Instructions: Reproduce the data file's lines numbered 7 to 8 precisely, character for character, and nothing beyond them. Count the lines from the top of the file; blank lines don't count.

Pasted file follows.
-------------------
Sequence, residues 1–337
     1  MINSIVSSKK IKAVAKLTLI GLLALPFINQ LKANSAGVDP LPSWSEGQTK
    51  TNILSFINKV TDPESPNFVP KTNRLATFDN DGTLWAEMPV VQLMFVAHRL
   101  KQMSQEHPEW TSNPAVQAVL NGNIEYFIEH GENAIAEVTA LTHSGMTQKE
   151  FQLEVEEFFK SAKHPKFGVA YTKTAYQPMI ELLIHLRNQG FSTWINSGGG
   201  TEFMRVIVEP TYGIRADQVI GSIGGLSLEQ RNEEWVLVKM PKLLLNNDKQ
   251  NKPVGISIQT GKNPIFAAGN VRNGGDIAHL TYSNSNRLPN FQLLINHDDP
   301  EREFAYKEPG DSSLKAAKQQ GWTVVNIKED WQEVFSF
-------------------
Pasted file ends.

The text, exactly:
   251  NKPVGISIQT GKNPIFAAGN VRNGGDIAHL TYSNSNRLPN FQLLINHDDP
   301  EREFAYKEPG DSSLKAAKQQ GWTVVNIKED WQEVFSF